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The Mystical Experience: Where Human Experience Dissolves into Spirituality and Religion.  The Mystic Don't you think 'The Mystic' sounds pretty dramatic? I'm sure it might conjure up jedi-like imagery, something a bit merlin or those stigmata marks on devoted monks. What springs to my mind are those orange clad sitters who tranquilly await enlightened, but equally, there are shamanic seers, and the Islamic Sufi who can also enjoy mystic experience. Regardless of any cause, be it neurological, or even the psychological, spiritual, drug induced or even a traumatising event, they're all experienced and often called mystic.  No tradition, faith or ethnicity can claim exclusivity of this sort of thing, even though we might think otherwise. It's unique, personal . We can see for ourselves how mystical experience go by a variety of names across the globe, here are a few: moksha is Hindu meaning liberation, gnosis was secret experiential knowledge stemming from antiq

Analytical Atheists

Is it Wrong to Say We Are Smarter Than Our Religious Brethren?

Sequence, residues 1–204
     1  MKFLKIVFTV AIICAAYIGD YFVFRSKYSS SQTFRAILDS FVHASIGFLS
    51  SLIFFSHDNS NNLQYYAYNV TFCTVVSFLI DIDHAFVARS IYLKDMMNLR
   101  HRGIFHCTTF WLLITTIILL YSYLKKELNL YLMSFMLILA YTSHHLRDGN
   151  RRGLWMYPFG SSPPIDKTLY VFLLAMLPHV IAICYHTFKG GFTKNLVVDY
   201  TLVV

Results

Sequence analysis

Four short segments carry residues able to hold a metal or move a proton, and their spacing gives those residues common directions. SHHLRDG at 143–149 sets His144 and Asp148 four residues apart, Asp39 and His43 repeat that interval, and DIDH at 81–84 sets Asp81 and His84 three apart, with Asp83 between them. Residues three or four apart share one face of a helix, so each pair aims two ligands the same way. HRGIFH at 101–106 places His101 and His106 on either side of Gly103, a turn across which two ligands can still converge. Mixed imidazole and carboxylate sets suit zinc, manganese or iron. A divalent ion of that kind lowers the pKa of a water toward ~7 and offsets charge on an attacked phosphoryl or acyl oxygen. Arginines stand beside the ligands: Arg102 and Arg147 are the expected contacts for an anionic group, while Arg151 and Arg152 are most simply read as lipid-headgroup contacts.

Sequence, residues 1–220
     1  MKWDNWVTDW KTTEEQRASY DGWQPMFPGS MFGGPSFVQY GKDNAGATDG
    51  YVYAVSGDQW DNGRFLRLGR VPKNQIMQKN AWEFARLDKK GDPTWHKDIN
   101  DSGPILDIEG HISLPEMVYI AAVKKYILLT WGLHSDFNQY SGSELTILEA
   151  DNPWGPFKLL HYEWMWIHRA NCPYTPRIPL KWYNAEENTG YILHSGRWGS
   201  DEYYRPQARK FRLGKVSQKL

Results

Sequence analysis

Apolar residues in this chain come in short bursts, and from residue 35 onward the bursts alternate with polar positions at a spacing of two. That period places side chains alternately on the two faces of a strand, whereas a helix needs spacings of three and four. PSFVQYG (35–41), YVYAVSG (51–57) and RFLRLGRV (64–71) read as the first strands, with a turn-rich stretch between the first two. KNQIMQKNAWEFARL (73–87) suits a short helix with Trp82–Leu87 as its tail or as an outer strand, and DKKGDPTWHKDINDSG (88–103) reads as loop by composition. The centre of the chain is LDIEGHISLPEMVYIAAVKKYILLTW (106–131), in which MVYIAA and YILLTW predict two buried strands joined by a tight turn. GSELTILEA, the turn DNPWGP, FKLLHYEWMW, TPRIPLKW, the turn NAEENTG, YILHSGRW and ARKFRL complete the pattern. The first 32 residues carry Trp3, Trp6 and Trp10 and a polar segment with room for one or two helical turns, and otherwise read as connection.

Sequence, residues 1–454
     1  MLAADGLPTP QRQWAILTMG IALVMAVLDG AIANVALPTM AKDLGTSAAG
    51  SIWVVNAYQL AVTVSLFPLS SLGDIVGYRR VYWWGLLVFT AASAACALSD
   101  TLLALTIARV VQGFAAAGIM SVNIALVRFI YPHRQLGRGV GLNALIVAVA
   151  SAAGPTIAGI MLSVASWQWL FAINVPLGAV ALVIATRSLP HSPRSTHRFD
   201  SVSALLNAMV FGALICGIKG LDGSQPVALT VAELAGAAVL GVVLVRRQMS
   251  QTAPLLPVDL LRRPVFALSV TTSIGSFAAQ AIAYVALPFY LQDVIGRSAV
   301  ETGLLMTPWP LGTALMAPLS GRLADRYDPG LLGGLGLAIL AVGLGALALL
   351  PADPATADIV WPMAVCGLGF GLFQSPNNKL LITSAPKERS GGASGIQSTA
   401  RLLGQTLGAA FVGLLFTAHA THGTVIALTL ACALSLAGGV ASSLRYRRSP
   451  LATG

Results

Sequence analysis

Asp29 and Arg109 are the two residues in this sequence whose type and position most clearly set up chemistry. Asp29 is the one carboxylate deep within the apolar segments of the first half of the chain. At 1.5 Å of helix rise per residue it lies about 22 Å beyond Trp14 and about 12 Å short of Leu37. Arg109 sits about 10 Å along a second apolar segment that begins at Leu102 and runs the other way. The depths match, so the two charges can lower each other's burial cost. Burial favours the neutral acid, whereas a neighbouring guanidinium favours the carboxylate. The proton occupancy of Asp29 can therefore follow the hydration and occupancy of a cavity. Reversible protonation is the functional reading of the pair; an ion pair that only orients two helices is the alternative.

An analytical atheist is quite a compelling character, a modern archetype often standing the Contrarian to traditional faith. Apparently, if you believe in god, you're more likely to score lower on an IQ test than these people do, according to recent studies!


One of them specifically looking into the connection between atheism and IQ was published in the journal Intelligence in 2013. It analysed data from the National Longitudinal Study of Adolescent Health, which included over 20,000 participants. Individuals who identified as atheists or agnostics had higher verbal intelligence scores than those who identified as religious.


We use our verbal reasoning to conceptualise words for problem solving and reasoning. However, non-believers and believers had very similar non-verbal intelligence scores (Nyborg, 2013). Non-verbal intelligence is that ability to address visual, wordless issues.

Jesus on an elephant

We forget that IQ tests are only an estimation of intelligence; an assessment of how candidates perform at taking the test. So, it is quite presumptuous for atheists to believe they can always outsmart believers.